Scams Aimed at eBay Sellers
There are quite a few ways people try to scam eBay sellers. These include phishing - (also called spoofing), counterfeit payments, fake escrow services, switching products, and extortion.
We'll talk about the blatant scams first.
Phishing -- spelled P H I S H -- is when a scammer sends a spoof email in order to steal an eBay or PayPal account so he can use it to scam others. The spoof email looks like an official eBay email, but leads to fake but incredibly authentic-looking login pages on other sites. Three examples of phishing emails are:
Protecting Yourself From Phishing Emails
By learning to spot and avoid spoof emails, you can protect yourself from phishers out to steal your accounts. Here are four ways to protect yourself:
Common eBay Payment Scams
While counterfeit money orders and cashier's checks aren't as common as email spoofs, they are the most common examples of payment scams. A few types of payment scams are:
Counterfeit Money Orders: Usually these are for amounts higher than what is due, and the buyer asks for a partial refund by wire transfer. Less commonly, they are just fake checks designed to get you to ship an item. Protect yourself by never shipping items until checks clear. If the check is for hundreds or thousands of dollars more than the selling price, just throw it out.
Fake Payment Approval Emails: (More common with BidPay and money order services, but also seen with PayPal.) Protect yourself by waiting for checks to arrive and clear.
For PayPal notices log in to PayPal directly from your browser to confirm the payment. (You can also see PayPal payments on your "My eBay Items I'm Selling" page.)
Fake Escrow Services: This is where a buyer has you ship to an escrow service. He supposedly sends them payment and they forward it to you. Because the service is fake, you ship the item and never get paid. Don't use any escrow service not recognized by eBay. Link to eBay-approved escrow services.
Two Other Ways Buyers Take Advantage Of eBay Sellers
The most common way buyers try to take advantage of sellers is through Feedback Extortion. In this scam, a buyer threatens negative feedback unless the seller provides a partial refund. You can avoid this by communicating with the buyer through the eBay invoice system. If you get a buyer doing this, report him to eBay and he'll be prevented from leaving you feedback or filing a buyer protection case against you.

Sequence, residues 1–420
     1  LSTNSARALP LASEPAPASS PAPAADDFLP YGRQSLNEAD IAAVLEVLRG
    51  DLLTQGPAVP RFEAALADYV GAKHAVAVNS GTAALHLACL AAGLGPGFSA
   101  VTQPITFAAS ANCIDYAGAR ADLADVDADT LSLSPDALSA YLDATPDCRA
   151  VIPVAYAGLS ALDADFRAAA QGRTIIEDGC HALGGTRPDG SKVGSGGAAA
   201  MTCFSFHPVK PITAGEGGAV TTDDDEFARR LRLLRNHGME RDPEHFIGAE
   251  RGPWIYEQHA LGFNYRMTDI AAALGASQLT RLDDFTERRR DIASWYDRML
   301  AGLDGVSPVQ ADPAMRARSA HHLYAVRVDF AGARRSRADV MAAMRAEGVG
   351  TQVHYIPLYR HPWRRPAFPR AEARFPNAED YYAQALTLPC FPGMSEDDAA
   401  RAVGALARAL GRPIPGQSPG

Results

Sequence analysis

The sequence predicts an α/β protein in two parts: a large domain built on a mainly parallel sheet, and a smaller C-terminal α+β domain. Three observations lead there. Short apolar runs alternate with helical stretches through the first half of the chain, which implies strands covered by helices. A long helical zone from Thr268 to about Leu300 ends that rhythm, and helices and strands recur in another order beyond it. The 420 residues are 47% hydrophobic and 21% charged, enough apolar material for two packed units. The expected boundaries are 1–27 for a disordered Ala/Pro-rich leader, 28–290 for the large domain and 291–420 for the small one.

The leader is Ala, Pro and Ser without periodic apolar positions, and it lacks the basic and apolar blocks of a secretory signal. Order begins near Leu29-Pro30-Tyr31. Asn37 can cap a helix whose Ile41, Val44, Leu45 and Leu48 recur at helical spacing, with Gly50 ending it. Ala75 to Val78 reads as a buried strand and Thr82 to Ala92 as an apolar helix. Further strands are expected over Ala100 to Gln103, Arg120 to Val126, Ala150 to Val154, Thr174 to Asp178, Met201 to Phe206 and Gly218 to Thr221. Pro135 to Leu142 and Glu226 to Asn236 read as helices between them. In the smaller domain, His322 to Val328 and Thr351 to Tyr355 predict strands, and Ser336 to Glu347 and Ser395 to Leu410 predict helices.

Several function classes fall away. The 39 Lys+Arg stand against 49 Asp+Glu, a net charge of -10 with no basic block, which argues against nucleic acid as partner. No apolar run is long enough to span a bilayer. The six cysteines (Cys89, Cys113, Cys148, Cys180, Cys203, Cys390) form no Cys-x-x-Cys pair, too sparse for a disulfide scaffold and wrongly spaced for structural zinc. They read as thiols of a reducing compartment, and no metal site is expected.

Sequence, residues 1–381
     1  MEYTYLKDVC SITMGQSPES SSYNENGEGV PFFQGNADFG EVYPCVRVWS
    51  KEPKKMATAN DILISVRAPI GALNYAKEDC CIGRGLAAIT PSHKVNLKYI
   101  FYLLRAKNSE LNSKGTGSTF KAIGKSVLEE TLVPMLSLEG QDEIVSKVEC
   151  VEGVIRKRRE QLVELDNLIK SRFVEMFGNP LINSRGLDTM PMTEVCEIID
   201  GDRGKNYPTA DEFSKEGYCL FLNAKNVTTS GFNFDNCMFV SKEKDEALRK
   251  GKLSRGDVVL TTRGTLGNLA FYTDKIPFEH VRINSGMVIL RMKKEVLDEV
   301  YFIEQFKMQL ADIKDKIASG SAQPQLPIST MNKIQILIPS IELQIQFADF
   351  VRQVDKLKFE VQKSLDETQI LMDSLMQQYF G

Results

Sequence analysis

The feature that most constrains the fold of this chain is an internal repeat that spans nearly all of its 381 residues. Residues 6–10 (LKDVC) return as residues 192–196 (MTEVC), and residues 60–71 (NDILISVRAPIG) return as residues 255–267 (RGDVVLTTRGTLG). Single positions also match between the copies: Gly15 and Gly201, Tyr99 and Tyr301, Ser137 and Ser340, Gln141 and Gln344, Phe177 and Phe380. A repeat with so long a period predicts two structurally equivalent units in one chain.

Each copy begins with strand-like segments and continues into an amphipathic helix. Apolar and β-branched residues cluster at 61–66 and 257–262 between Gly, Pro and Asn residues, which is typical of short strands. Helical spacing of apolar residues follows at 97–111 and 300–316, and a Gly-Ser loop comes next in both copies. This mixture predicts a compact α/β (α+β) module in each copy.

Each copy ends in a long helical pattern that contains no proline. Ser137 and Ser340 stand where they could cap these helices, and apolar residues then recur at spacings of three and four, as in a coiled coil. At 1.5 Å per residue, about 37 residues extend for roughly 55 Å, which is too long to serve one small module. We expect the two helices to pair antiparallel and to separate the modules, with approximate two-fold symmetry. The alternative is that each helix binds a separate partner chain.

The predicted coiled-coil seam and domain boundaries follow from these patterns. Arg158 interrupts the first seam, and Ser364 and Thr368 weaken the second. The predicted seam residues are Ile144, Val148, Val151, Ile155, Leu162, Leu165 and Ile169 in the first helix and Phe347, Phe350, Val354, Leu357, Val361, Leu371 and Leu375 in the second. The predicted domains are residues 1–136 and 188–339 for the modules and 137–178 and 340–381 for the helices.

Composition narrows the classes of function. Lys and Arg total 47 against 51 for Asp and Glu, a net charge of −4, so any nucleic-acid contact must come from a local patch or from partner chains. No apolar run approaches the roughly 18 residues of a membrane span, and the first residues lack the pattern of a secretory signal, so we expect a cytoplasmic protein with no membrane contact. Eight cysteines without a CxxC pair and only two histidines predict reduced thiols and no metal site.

A variation of feedback extortion is The Negotiator. This buyer finds something wrong with your item then asks for a partial refund. Negotiators tend to get a lot of negative feedback and usually have a low number of feedbacks because they use multiple eBay accounts.
I don't give partial refunds unless I made a mistake, and I almost never do if the buyer asks in his first email. I always POLITELY tell unhappy buyers to send the item back and I will refund the everything including shipping both ways. For some polite buyers, or where I've made a mistake, I'll do a partial refund up to the shipping cost, but allow the buyer to keep the item in question.
A last way buyers try to take advantage of eBay sellers is by switching items and then returning them. A variation is removing parts before returning items. Both of these scams are less common than sellers think.
In order to avoid switching and parts removal, take good pictures of the items you sell so you can compare returned items with your pictures. If you feel this could happen to you, mark items inconspicuously with a black light pen. (Sanford #12100 is available in most office supply stores.)
Other links relating to phishing and scams:
An Example Of An eBay Spoof eMail
is now available for immediate download.
No email or credit card needed. Just grab your copy.
After reading. . . Pay Only What YOU Think It's Worth.
Many of the articles and free reports here on IWantCollectibles were originally sent to readers of my Antiques and eBay Newsletter. Not all articles make it onto the website, and readers also get notices of free reports and special offers.